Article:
Humans contain 'alien' genes not passed on from our ancestors, researchers have discovered. The say we acquired essential 'foreign' genes from microorganisms co-habiting their environment in ancient times.
The study challenges conventional views that animal evolution relies solely on genes passed down through ancestral lines - and says the process could still be going on.
The research published in the open access journal Genome Biology focuses on the use of horizontal gene transfer, the transfer of genes between organisms living in the same environment.
"This is the first study to show how widely horizontal gene transfer (HGT) occurs in animals, including humans, giving rise to tens or hundreds of active 'foreign' genes," said lead author Alastair Crisp from the University of Cambridge.It is well known in single-celled organisms and thought to be an important process that explains how quickly bacteria evolve, for example, resistance to antibiotics.
"Surprisingly, far from being a rare occurrence, it appears that HGT has contributed to the evolution of many, perhaps all, animals and that the process is ongoing, meaning that we may need to re-evaluate how we think about evolution."
HGT is thought to play an important role in the evolution of some animals, including nematode worms which have acquired genes from microorganisms and plants, and some beetles that gained bacterial genes to produce enzymes for digesting coffee berries.
However, the idea that HGT occurs in more complex animals, such as humans, rather than them solely gaining genes directly from ancestors, has been widely debated and contested.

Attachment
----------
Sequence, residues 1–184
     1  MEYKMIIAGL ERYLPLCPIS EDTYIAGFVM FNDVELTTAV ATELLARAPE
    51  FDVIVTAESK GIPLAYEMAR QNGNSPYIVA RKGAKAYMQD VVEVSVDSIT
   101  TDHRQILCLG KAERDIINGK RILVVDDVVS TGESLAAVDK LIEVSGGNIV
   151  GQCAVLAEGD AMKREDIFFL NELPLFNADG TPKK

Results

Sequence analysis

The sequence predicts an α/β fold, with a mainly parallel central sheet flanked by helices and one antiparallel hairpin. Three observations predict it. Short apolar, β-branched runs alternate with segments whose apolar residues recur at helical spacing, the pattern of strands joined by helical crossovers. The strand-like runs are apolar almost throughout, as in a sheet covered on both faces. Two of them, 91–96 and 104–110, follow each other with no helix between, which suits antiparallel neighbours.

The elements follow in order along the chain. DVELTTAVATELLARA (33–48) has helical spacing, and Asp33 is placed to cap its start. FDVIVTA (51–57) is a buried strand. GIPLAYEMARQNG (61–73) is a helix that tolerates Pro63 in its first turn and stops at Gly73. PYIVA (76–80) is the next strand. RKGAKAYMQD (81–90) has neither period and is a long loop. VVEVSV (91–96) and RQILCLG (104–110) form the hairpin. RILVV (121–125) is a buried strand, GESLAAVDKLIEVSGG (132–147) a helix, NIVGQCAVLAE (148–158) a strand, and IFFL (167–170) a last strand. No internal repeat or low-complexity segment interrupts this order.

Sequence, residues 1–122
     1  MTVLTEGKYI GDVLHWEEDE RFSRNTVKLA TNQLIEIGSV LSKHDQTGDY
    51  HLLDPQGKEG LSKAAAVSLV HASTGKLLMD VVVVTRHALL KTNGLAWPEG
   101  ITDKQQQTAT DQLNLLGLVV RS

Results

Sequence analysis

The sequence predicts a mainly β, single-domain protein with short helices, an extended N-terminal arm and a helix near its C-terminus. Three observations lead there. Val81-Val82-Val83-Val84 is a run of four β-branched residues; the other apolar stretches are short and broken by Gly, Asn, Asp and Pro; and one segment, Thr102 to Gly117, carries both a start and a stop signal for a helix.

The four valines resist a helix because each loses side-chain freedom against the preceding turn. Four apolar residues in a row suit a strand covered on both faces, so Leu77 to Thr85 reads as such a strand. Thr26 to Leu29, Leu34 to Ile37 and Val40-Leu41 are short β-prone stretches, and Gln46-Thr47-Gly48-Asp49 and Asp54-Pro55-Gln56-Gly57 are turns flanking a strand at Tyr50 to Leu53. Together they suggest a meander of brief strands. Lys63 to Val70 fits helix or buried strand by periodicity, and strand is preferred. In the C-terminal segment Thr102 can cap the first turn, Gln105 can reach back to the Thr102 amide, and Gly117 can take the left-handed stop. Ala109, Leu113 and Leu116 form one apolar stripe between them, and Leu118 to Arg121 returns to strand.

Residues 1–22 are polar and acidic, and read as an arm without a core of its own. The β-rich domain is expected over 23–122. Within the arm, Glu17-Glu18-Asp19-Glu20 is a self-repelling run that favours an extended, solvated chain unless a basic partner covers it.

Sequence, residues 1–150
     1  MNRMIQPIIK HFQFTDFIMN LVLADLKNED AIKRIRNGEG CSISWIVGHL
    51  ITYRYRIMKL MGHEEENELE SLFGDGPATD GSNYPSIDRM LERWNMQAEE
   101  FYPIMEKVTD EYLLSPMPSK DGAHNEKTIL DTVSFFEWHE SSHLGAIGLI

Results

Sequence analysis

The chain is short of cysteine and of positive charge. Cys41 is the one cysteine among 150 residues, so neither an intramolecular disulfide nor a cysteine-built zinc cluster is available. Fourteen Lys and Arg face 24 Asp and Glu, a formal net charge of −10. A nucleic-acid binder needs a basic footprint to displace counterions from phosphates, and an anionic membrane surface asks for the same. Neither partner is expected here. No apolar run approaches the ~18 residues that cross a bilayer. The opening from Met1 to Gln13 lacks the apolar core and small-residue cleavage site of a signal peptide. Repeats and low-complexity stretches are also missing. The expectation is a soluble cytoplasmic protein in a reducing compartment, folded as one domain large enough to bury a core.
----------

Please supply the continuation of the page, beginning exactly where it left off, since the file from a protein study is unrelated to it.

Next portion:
The researchers studied the genomes of 12 species of Drosophila or fruit fly, four species of nematode worm, and 10 species of primate, including humans.
They calculated how well each of their genes aligns to similar genes in other species to estimate how likely they were to be foreign in origin.
By comparing with other groups of species, they were able to estimate how long ago the genes were likely to have been acquired.
A number of genes, including the ABO blood group gene, were confirmed as having been acquired by vertebrates through HGT. The majority of the other genes were related to enzymes involved in metabolism.
In humans, they confirmed 17 previously-reported genes acquired from HGT, and identified 128 additional foreign genes in the human genome that have not previously been reported. - Continue reading
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Author Wayne Herschel also commented on the subject
I have human origins presented differently and measurable. Up until 17,000 years ago there were two primary genus lines:
- 90% Earth evolved ape hominid genus lines
- 10% Pleiadian evolved human genus lines from penal colonies from Mars... the once jewel of the solar system.
Of the 90 percent lines of Earth evolved lineages it started from australopithecus through homo erectus through to Neanderthal the last species 17,000 years ago.
To put it in different words... an Ape inhabited Earth was invaded of its destiny by the star visitor human genus lines who evolved somewhere else.
Humans One Third Less Suitable for Earth
The human genus has one third less muscle development compared to any hominid or living ape and the human genus has one third less bone thickness and strength compared to any living ape or hominid record.
From 17,000 years ago in a massive arrival wave Neanderthal probably caught our diseases and only the more agile hardy apes survived.
To add more... we are as good as apes or hominids if our world were one third less size like Mars. humans are so out of harmony with Earth even our circadian rhythms are set for a 25 hr day and we have so may allergies and disease and no resistance to the strength of our own sun.
Scientists say Mars has a 25 hr day.
Zecharia Sitchin also found tablets saying they tried to make humans more adaptable for the Earth and no doubt sun resistant melanin would be chosen. Sad though it is in context with slavery.